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1 October 2004 CONTRASTING PATTERNS OF QUANTITATIVE AND NEUTRAL GENETIC VARIATION IN LOCALLY ADAPTED POPULATIONS OF THE NATTERJACK TOAD, BUFO CALAMITA
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Abstract

The relative importance of natural selection and genetic drift in determining patterns of phenotypic diversity observed in nature is still unclear. The natterjack toad (Bufo calamita) is one of a few amphibian species capable of breeding in saline ponds, even though water salinity represents a considerable stress for them. Results from two common-garden experiments showed a pattern of geographic variation in embryonic salinity tolerance among populations from either fresh or brackish environments, consistent with the hypothesis of local adaptation. Full-sib analysis showed increased variation in survival among sibships within population for all populations as osmotic stress was increased (broad-sense heritability increased as salinity raised). Nevertheless, toads native to the brackish water environment had the highest overall survival under brackish conditions. Levels of population genetic differentiation for salinity tolerance were higher than those of neutral genetic differentiation, the latter obtained through the analysis of eight microsatellite loci. Microsatellite markers also revealed little population differentiation, lack of an isolation-by-distance pattern, and moderate gene flow connecting the populations. Therefore, environmental stress tolerance appears to have evolved in absence of geographic isolation, and consequently we reject the null hypothesis of neutral differentiation.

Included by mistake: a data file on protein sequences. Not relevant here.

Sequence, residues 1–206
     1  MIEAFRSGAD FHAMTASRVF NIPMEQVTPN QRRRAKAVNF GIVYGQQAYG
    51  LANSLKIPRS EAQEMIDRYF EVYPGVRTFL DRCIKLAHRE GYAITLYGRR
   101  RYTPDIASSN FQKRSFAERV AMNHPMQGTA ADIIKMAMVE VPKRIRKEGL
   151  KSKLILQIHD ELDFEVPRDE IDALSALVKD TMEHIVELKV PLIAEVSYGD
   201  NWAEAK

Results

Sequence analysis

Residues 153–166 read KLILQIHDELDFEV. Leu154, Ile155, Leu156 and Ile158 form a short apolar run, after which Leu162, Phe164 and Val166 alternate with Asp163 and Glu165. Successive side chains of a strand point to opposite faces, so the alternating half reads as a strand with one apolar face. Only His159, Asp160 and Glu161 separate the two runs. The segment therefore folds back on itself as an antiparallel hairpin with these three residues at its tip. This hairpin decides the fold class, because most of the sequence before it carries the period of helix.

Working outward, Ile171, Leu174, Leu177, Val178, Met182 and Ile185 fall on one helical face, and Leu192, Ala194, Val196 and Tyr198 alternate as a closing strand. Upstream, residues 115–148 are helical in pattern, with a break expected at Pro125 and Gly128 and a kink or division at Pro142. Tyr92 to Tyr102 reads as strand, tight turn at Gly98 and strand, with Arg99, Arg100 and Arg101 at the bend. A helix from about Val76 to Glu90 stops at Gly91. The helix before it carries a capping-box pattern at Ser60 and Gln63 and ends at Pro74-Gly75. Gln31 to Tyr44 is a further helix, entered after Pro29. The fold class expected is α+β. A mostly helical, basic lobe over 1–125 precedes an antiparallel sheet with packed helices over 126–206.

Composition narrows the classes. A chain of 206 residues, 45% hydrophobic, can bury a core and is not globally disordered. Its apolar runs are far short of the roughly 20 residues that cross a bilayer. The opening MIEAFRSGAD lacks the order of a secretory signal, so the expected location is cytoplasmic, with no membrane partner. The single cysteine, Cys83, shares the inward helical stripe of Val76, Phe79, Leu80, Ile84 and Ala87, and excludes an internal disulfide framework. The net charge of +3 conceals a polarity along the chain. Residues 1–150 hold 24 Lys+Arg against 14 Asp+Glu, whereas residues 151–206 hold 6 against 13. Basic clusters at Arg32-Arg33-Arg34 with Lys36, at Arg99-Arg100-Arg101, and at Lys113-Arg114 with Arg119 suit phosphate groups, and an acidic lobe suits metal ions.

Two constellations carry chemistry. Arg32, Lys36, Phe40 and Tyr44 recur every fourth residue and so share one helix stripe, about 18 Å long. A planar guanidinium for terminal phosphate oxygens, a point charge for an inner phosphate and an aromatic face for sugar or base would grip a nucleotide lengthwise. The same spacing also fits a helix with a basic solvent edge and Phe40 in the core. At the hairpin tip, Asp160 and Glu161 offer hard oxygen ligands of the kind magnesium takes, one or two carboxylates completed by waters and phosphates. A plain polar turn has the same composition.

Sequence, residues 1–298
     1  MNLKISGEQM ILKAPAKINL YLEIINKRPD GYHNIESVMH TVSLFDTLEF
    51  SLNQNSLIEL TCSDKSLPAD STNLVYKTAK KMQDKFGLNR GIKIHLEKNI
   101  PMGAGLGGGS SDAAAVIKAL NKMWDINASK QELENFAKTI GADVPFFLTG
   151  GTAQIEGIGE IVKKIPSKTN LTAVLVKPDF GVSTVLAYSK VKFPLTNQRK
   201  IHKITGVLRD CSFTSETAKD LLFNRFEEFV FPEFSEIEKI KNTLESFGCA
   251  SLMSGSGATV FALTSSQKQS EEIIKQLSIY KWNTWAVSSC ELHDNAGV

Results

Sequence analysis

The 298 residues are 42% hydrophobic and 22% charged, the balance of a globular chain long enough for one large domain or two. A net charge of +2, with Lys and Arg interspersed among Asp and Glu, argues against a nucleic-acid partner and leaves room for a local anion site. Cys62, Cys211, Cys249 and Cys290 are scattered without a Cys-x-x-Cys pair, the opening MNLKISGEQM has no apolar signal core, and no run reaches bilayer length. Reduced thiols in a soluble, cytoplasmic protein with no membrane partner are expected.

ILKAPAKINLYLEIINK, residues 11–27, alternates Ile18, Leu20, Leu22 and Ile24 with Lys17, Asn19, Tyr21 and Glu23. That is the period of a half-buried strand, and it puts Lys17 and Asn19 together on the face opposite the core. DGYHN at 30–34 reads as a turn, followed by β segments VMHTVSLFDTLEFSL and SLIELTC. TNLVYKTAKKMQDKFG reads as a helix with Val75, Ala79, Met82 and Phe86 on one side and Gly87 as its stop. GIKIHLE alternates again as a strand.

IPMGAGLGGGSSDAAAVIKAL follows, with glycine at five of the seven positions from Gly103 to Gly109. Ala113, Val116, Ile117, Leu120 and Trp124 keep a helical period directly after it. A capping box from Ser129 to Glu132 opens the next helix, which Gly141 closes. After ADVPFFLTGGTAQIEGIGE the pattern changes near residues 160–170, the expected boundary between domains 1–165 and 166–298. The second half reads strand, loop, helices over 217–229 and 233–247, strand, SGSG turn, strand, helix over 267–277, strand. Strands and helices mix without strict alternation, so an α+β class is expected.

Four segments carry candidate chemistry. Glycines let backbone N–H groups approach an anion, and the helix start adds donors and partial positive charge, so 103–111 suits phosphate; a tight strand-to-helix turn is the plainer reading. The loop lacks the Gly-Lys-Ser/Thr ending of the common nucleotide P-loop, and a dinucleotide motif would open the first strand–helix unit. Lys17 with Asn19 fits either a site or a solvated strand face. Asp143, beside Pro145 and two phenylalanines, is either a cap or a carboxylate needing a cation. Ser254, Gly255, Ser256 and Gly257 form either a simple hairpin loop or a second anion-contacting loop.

Ivan Gomez-Mestre and Miguel Tejedo "CONTRASTING PATTERNS OF QUANTITATIVE AND NEUTRAL GENETIC VARIATION IN LOCALLY ADAPTED POPULATIONS OF THE NATTERJACK TOAD, BUFO CALAMITA," Evolution 58(10), 2343-2352, (1 October 2004). https://doi.org/10.1554/03-671
Received: 24 November 2003; Accepted: 2 July 2004; Published: 1 October 2004
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